The Emerald Tablet of Hermes & The Kybalion
Hermes Trismegistus, The Three Initiates
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The The Emerald Tablet of Hermes & Kybalion compose two pillars of Hermetic thought. Combined here in one volume, these two works share true wisdom with those ready to receive it. “When the ears of the student are ready to hear, then cometh the lips to fill them with wisdom.”
The Kybalion was first published anonymously in 1908 by “The Three Initiates.” The true authorship of the work is unknown, although theories suggest it was written entirely or in part by William Walker Atkinson.
Atkinson was a prolific writer and supported the New Thought movement of the 19th and early 20th centuries. New Thought included the belief that our realities can be manifested by mental effort, which is also suggested in Hermetic principles. Scholars point to similarities in style and content between The Kybalion and Atkinson’s own The Arcane Teachings as evidence that he was one (or all) of “The Three Initiates.”
The Kybalion provides an introduction to the teachings of Hermes Trismegistus—Hermes “the Thrice-Greatest.” This “Master of Masters” is said in The Kybalion to have lived 300 years on Earth, and believed by some to be the founder of both astrology and alchemy (precursors to astronomy and chemistry, respectively). Hermes Trismegistus was deified after his death as Toth by the ancient Egyptians, and Hermes by the Greeks. In both pantheons, this man-turned-god was considered a symbol of great wisdom.
The Kybalion's explanation of Hermetic teachings are claimed to have been passed down orally for centuries, eventually reaching “The Three Initiates.” The fundamental Hermetic traditions presented in The Kybalion consist of seven “working principles”: Mentalism, Correspondence, Vibration, Polarity, Rhythm, Cause and Effect, and Gender. Within these seven principles is true wisdom, tied to no particular place and no particular religion. It is the “sacred flame” kept lit by a chosen few used to “re-light the lesser lamps of the outside world when the light of truth grew dim…” In short, these are the truths of the universe, regardless of era or creed.
The Emerald Tablet of Hermes is a short, ancient text attributed to Hermes Trismegistus himself. Unlike The Kybalion, which aims to provide some explanation and instruction, the brief Emerald Tablet has been puzzling and fascinating scholars for over 1,000 years.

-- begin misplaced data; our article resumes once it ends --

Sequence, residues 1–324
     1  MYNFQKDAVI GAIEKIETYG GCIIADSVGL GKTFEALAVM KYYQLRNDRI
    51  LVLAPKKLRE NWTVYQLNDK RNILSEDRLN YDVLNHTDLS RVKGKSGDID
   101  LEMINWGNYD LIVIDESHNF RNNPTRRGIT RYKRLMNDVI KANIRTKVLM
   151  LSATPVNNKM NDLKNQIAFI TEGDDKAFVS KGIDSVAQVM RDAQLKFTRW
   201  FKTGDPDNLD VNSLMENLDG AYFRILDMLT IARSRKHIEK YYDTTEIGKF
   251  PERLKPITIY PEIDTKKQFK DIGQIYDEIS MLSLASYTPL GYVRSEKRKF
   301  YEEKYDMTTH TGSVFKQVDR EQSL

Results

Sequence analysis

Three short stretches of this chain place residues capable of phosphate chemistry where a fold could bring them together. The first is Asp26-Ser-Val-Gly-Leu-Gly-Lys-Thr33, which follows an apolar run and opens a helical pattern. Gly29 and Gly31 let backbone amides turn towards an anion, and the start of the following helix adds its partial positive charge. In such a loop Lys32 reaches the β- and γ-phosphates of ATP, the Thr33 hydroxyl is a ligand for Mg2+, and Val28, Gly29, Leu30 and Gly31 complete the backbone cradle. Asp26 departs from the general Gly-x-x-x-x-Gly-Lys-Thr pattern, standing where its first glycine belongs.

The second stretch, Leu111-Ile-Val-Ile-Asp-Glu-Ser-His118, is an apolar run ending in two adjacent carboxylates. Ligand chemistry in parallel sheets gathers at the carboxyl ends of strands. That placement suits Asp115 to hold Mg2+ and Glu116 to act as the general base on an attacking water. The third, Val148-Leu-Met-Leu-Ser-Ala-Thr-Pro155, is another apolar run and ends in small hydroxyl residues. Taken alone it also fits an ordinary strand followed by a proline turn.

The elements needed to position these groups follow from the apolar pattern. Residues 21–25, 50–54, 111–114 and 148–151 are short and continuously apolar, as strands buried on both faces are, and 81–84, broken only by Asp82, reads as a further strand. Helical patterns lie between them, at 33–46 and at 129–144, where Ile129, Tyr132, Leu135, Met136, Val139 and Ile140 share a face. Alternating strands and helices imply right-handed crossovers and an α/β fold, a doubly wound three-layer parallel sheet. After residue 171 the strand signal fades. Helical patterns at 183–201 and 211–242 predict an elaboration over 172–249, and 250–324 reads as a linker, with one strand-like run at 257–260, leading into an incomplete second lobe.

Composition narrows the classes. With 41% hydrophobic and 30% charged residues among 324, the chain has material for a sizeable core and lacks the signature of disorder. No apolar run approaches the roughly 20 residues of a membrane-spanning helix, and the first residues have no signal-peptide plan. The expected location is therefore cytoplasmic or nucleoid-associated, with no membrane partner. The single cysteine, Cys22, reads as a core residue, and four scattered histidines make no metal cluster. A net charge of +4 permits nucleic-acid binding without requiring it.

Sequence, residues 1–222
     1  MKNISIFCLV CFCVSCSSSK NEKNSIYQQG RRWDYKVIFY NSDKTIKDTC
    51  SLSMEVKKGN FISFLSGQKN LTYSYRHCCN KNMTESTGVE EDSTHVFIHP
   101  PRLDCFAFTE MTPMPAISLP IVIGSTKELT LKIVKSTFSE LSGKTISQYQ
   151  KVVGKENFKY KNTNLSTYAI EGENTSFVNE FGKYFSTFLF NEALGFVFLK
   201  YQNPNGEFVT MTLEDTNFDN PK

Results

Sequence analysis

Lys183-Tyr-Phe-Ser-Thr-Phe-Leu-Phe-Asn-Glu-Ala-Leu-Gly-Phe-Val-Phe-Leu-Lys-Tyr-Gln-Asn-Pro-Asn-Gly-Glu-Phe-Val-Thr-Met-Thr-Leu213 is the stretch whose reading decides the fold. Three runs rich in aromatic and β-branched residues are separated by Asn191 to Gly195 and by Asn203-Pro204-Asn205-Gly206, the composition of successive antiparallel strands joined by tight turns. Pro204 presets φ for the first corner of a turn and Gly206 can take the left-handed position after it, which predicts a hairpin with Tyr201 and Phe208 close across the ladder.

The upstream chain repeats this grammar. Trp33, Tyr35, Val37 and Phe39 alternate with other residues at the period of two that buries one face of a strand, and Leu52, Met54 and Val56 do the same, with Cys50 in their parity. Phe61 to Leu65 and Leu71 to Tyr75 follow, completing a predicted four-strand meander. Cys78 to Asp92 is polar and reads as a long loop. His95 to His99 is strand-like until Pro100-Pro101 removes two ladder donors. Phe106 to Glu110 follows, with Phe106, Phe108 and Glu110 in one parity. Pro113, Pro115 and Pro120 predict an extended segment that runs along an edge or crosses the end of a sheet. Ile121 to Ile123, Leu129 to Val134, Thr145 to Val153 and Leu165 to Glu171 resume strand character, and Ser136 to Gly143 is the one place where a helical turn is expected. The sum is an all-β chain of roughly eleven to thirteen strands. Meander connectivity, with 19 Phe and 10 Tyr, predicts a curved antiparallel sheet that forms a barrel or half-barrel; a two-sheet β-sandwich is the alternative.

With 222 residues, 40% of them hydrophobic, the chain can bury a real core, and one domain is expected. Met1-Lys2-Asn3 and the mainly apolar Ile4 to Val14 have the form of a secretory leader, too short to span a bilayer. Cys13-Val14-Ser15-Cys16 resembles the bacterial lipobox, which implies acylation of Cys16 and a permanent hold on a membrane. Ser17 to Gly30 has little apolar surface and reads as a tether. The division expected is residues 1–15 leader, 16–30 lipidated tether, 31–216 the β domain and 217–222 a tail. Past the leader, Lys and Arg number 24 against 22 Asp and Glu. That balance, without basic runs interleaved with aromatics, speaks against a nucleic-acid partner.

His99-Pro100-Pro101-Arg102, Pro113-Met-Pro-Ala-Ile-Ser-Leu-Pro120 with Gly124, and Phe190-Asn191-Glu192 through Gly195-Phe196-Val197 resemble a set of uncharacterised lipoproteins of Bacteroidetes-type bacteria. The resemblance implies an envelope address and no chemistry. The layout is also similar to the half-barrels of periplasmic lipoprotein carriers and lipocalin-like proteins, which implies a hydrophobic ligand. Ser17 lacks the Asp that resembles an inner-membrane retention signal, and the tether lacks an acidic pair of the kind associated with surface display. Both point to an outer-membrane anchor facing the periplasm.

Consisting of a mere 14 stanzas, the Emerald Tablet is said to contain the secrets of prima materia—the foundational material of the universe. The Emerald Tablet and its teaching influenced freemasonry and philosophy throughout history. The text of the tablet has been translated and commented on by a variety of scholars, including Sir Isaac Newton who was inspired by its teachings throughout his life and work.
The earliest known version of the text comes from an Arabic work written between the 6th and 8th centuries by Balinas. He claimed to have found the tablet hidden in a vault beneath a statue of Hermes. Another story claims the tablet was written by Seth, the third son of Adam and Eve. And yet another says the tablet was uncovered and then reburied by Alexander the Great.
The source and material of the physical tablet is unknown. It was reported to be a rectangular green stone, with text in raised bas-relief rather than engraved. Some even claim there never was a physical tablet at all, although several accounts claim it was on display in Egypt in 330 BCE. Whatever its origins and history, the work was first introduced to the West in the 12th century through Latin translations. Since then, this cryptic text has been translated and re-translated, pored-over and analyzed by philosophers, historians, and theologians alike.
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